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KYTC District MS4 Coordinator Resources

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What resources do I have available to help me?
KYTC has resources available to assist District MS4 coordinators work with partner communities to assist in implementation of the stormwater program. Many of these resources are included at the end of this section.
What is the relationship between MS4 communities and KYTC?
KYTC partners with most MS4 communities in Kentucky to implement practices that protect our waterways. Through these partnerships, KYTC provides statewide stormwater resources to partner communities. Partner communities implement these resources at a local level.
What are KYTC’s responsibilities?
​KYTC’s responsibilities are included in their Individual Stormwater MS4 Permit (currently being written by KDOW). The Stormwater Quality Management Plan (SWQMP) articulates how permit requirements will be met over the 5 year permit term.
  
What role do KYTC districts have in MCM 1 and MCM 2 training?

​A MS4 District Coordinator is responsible for relaying supplies from the KYTC central office to MS4 communities. It will then be the responsibility of the MS4 communities to distribute these materials to schools, businesses, and target audiences within the community.

DEA and KYTC Districts will provide training on educational materials to MS4s. Contacts to obtain educational materials are provided through this website and the DEA.

Do I need to maintain website information?
​The KYTC MS4 Program website is maintained by the DEA. Local MS4 program information, such as contact information, should be identified by the district and sent to the DEA. MS4 District Coordinators are responsible for the district’s annual compliance reports for submittal on an annual basis to the DEA. The annual compliance report is updated to the website by the DEA. Activities and correspondence with communities should be well documented throughout the year to facilitate the compilation of the district annual compliance report.
Who will contact schools and elected officials for outreach and education? Who will program be delivered to?

​A MS4 District Coordinator is responsible for relaying information and materials from the KYTC central office to MS4 communities. It will then be the responsibility of the MS4 communities to distribute these materials to schools, businesses, and target audiences within the community.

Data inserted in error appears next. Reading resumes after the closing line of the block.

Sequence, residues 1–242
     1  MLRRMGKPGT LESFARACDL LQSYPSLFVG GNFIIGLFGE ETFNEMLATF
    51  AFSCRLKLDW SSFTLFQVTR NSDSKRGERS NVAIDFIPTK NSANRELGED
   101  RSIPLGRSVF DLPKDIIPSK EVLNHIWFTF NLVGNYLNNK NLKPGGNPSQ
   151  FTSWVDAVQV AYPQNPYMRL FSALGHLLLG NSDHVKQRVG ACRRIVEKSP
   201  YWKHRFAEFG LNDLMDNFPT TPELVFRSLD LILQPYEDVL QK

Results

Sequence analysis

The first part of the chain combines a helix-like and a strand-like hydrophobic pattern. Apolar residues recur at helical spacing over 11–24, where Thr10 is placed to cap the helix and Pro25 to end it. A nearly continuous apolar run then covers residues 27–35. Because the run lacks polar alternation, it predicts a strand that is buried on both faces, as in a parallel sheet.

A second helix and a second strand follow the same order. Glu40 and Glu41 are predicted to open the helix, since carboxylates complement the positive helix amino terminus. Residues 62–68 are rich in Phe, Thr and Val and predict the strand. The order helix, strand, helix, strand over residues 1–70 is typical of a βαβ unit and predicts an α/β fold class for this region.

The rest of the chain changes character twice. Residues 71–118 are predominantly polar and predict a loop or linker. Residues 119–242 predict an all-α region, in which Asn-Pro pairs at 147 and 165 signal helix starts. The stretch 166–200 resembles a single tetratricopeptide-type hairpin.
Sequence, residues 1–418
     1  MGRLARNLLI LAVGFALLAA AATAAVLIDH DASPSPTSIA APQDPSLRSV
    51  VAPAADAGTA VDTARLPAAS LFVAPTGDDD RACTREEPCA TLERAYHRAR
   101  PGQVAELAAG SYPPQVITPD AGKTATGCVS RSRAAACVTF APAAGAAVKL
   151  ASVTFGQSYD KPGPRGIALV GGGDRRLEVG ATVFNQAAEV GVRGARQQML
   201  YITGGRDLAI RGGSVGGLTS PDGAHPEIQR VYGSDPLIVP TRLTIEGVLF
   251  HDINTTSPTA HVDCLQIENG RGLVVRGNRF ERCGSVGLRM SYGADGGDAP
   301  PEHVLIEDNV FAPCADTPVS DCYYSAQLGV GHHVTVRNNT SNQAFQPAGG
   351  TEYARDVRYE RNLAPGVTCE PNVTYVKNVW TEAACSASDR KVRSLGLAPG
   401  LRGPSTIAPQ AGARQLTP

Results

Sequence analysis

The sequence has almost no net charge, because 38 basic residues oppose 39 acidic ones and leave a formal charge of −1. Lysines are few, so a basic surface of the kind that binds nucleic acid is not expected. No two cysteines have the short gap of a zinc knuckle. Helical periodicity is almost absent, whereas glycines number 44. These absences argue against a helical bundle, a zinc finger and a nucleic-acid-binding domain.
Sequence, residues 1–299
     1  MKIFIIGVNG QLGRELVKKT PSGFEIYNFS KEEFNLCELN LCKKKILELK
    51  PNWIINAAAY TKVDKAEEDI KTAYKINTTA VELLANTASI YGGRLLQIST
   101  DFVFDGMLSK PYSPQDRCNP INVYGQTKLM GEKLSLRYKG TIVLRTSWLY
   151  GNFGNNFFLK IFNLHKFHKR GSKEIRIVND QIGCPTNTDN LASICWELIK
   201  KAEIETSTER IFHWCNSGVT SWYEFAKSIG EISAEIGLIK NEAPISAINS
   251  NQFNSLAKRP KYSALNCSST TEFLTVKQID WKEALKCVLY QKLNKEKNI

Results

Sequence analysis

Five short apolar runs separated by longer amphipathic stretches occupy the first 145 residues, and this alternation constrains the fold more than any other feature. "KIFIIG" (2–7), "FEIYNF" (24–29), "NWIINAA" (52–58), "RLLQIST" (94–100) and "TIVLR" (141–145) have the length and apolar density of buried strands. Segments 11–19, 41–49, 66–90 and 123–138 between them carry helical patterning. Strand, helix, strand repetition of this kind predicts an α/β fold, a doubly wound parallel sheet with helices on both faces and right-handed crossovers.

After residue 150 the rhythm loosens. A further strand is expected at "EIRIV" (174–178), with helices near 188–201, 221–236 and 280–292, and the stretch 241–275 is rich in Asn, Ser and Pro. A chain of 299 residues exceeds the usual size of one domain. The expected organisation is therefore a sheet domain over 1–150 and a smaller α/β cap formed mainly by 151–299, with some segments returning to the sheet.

MS4 District Coordinators and the DEA are responsible for providing training to MS4s to utilize and distribute educational materials.
  
What should I do when an MS4 community notifies me of an illicit discharge that involves state highway right of way?

​The illicit discharge should be promptly eliminated following the protocols for managing illicit discharges that are established by each district. The district’s protocol should be agreed to by the district and local jurisdictions. If the discharge is due to KYTC activities, contact the responsible department(s) to identify for removal. MS4 District Coordinators should work with MS4 communities to track the source and eliminate the illicit discharge.

How can KYTC assist an MS4 community in maintaining stormwater maps?

​It is a KYTC District responsibility to coordinate with MS4 communities and provide available mapping data to communities upon request. As new roadways are built or as digital mapping data becomes available, this may be provided to MS4 communities upon request to maintain the stormwater system map so that communities are not burdened with remapping and subsequent remapping field activities.

What is the role of KYTC districts in stormwater infrastructure inventory?
The KYTC districts are responsible for coordinating with MS4 communities during mapping and inventory efforts and providing available data to MS4s at their request. Stormwater system infrastructure and drainage mapping data available for existing state highways and new KYTC projects should be made available as requested by the community to facilitate stormwater infrastructure inventory in the community. The district must establish either through written agreement or other understanding that the separate storm sewer system that is owned by KYTC is mapped within the local jurisdiction program. Districts are to confirm that the state highway drainage system is mapped and that it is updated as projects add to or modify the system.
What is the KYTC perspective on MCM 3?